[Sanyo and Sprint] each hereby irrevocably (a) agrees that any suit, action or other legal proceeding arising out of or relating to this Agreement will be brought in the Federal Court for the District of Kansas which court will have exclusive jurisdiction over any controversy arising out of this agreement . . . (Def.'s Mot. to Dismiss at 2, Nov. 12, 2010.)

A forum selection clause is prima facie valid "and should be enforced unless enforcement is shown by the resisting party to be unreasonable under the circumstances." The Bremen v. Zapata Off-Shore Co., 407 U.S. 1, 10 (1972). As the Third Circuit has defined the term, a forum selection clause is "unreasonable" if the resisting party can make a strong showing that the forum selected is "so gravely difficult and inconvenient that he will for all practical purposes be deprived of his day in court or that the clause was procured through fraud or overreaching." Foster v. Chesapeake Ins. Ltd., 933 F.2d 1207, 1219 (3d Cir. 1991) (citations and internal quotations omitted).

The plain language of the forum selection clause encompasses this action within its scope and suggests that venue in Kansas is mandatory. Third-Party Plaintiffs do not contend that the forum selection clause was procured through fraud or overreaching. In fact, the Agreement was a freely negotiated contract entered into by two sophisticated business entities that expressed a mutual preference for Kansas venue. See The Bremen, 407 U.S. at 12 (emphasizing that choice of forum was made in arms-length negotiation between sophisticated businessmen). Furthermore, Third-Party Plaintiffs have made no attempt to bear their substantial burden of demonstrating that the chosen forum would be "so gravely difficult and inconvenient" as to deprive them of their day in court.

Instead, Third-Party Plaintiffs argue that Kansas is an unreasonable forum since Sprint must defend its patent infringement case in New Jersey, the result of which is central to any indemnity suit. According to Sprint, enforcement of the forum selection clause would "create parallel proceedings in different forums on the same set of facts and legal issues." (Pl.'s Opp'n Br. at 6, Feb. 18, 2011.) However, Sprint has made no demonstration that there is any overwhelming factual or other correlation between Sanyo's contractual or common law obligation to indemnify and the underlying patent infringement lawsuit. The indemnity suit between the parties solely concerns the contractual interpretation of their Agreement, an issue which is not integrally related to the underlying suit. Accordingly, we find that Sprint has failed to overcome the presumption that the forum selection clause is valid.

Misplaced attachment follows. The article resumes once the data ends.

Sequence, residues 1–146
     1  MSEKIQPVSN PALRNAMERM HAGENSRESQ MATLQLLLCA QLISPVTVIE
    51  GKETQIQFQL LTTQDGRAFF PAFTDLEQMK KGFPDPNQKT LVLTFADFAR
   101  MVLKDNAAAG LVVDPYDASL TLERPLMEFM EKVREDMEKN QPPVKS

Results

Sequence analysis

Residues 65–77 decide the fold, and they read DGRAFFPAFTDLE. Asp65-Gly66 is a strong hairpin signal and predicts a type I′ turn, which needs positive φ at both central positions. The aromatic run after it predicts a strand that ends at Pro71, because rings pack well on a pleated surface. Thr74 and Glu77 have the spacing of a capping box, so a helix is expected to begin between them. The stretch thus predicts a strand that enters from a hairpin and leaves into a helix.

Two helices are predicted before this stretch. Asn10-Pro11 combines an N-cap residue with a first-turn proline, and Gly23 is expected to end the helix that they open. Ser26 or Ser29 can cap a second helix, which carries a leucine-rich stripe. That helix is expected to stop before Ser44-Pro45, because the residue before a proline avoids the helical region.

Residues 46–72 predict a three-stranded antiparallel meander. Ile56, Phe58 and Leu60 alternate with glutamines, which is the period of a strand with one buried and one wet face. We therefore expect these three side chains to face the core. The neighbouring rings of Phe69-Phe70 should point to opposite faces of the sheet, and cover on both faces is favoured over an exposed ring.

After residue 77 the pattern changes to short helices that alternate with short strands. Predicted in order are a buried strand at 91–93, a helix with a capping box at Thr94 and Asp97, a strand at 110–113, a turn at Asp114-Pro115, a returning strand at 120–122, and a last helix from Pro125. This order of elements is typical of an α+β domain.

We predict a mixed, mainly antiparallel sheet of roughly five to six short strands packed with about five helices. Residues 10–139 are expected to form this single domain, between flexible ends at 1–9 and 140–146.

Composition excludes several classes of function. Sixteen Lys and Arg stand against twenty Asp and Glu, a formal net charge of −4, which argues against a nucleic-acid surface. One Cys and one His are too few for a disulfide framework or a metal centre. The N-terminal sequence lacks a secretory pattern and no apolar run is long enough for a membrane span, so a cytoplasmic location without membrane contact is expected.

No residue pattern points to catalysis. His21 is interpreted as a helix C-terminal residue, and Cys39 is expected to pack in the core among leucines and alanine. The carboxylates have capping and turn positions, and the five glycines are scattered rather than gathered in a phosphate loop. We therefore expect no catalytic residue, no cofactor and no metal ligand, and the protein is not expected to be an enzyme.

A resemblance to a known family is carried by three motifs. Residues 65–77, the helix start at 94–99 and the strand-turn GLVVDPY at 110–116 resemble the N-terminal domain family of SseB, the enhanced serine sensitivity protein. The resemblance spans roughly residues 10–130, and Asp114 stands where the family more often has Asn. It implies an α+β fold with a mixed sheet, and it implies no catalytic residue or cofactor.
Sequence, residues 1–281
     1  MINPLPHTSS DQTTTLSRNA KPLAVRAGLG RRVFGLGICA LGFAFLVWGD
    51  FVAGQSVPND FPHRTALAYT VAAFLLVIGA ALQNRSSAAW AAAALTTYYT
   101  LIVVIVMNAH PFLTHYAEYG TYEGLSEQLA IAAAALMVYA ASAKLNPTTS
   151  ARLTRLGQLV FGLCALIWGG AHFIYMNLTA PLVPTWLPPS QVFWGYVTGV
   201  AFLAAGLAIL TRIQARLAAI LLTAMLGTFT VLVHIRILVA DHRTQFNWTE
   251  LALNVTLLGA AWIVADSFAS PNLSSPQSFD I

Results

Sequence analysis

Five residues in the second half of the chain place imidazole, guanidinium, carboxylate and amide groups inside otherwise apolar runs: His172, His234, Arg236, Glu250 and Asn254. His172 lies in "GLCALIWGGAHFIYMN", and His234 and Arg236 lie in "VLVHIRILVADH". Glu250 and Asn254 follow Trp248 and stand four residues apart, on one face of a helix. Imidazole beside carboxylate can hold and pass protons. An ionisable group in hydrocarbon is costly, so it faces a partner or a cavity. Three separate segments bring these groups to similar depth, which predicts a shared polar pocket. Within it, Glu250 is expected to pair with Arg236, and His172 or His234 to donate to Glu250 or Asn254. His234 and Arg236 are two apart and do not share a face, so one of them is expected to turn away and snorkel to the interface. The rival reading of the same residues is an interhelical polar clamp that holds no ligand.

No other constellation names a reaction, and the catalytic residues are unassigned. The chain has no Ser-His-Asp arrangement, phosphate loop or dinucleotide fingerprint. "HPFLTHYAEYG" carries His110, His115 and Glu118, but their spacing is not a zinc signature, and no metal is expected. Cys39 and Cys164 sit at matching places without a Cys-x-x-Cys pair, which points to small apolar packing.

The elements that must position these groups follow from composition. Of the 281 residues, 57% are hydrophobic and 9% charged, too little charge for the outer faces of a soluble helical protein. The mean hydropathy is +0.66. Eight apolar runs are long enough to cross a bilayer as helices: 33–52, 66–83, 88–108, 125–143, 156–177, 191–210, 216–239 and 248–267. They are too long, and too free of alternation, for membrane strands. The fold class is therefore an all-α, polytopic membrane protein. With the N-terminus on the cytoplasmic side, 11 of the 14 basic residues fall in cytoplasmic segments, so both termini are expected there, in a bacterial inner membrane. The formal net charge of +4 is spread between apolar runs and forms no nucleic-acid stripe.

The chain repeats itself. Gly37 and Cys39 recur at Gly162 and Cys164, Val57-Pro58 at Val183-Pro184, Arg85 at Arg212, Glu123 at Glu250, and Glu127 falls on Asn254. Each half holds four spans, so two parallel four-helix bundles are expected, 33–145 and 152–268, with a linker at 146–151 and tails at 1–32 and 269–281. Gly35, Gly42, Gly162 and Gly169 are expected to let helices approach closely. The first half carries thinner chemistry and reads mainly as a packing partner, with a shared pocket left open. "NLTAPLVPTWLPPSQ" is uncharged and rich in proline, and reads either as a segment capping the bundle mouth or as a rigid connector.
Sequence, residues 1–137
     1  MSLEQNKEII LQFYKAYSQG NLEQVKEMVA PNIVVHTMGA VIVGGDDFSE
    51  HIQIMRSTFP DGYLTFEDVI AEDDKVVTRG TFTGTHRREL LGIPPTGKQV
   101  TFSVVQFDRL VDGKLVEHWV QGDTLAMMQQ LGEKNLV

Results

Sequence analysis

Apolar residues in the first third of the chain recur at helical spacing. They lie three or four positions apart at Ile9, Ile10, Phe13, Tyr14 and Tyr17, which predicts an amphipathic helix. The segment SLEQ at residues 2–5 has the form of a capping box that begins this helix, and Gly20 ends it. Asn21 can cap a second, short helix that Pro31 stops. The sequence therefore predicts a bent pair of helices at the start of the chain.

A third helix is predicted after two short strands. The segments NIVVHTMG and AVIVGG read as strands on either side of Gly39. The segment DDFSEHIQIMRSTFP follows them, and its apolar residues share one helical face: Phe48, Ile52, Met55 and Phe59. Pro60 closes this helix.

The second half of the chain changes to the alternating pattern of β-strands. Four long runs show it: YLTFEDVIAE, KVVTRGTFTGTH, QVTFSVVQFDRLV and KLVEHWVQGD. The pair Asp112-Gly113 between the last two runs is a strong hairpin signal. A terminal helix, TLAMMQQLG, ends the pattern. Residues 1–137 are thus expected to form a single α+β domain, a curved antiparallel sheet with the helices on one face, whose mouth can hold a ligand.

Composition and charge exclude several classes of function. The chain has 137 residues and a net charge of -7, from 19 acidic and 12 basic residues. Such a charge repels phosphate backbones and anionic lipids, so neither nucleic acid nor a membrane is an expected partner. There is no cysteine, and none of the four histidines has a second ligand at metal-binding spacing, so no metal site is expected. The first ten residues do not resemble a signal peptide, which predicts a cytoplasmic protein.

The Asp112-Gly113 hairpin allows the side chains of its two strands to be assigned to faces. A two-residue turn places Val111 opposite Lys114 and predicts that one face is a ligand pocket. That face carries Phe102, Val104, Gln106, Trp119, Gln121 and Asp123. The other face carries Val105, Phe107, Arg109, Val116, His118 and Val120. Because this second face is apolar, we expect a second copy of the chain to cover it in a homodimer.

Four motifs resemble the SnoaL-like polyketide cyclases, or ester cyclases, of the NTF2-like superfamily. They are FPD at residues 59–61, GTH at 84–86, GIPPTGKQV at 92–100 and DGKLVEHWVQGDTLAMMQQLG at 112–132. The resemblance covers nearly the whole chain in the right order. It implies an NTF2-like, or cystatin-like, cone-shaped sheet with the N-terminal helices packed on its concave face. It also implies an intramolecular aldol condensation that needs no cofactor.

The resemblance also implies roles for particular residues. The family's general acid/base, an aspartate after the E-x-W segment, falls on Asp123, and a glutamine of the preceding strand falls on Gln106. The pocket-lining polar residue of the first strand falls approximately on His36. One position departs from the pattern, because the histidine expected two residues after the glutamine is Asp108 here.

While 12(b)(6) and 12(b)(3) dismissals are a permissible means of enforcing a valid forum selection clause that allows suit to be filed in another federal forum, the Third Circuit has noted that "as a general matter, it makes better sense, when venue is proper but the parties have agreed upon a not-unreasonable forum selection clause that points to another federal venue, to transfer rather than dismiss." Salovaara v. Jackson Nat'l Life Ins. Co., 246 F.3d 289, 298-99 (3d Cir. 2001). The Third Circuit has held that section 1404(a) transfers are discretionary and in exercising its discretion, the transferor court must evaluate whether a venue transfer would further the goals of § 1404(a), which are "to prevent the waste of time, energy and money and to protect litigants, witnesses and the public against unnecessary inconvenience and expense . . . ." Van Dusen v. Barrack, 376 U.S. 612, 616 (1964); Lafferty v. St. Riel, 495 F.3d 72, 76-77 (3d Cir. 2007). This evaluation calls for this Court to balance various private and public interests related to the transfer. Jumara, 55 F.3d at 879. In Jumara, the Third Circuit provided a list of factors a district court should consider. The private interest factors are: (1) plaintiff's forum preference as manifested in the original choice; (2) the defendant's preference; (3) whether the claim arose elsewhere; (4) the convenience of the parties as indicated by their relative physical and financial condition; (5) the convenience of the witnesses (only to the extent that the witnesses may actually be unavailable for trial in one of the fora; and (6) the location of books and records (only to the extent that the files could not be produced in the alternative forum)." Id. The public interest factors are: (1) the enforceability of the judgment; (2) practical considerations that could make the trial easy, expeditious, or inexpensive; (3) the relative administrative difficulty in the two fora resulting from court congestion; (4) the local interest in deciding local controversies at home; (5) the public policies of the fora; and (6) the familiarity of the trial judge with the applicable state law in diversity cases. Id. at 879-80.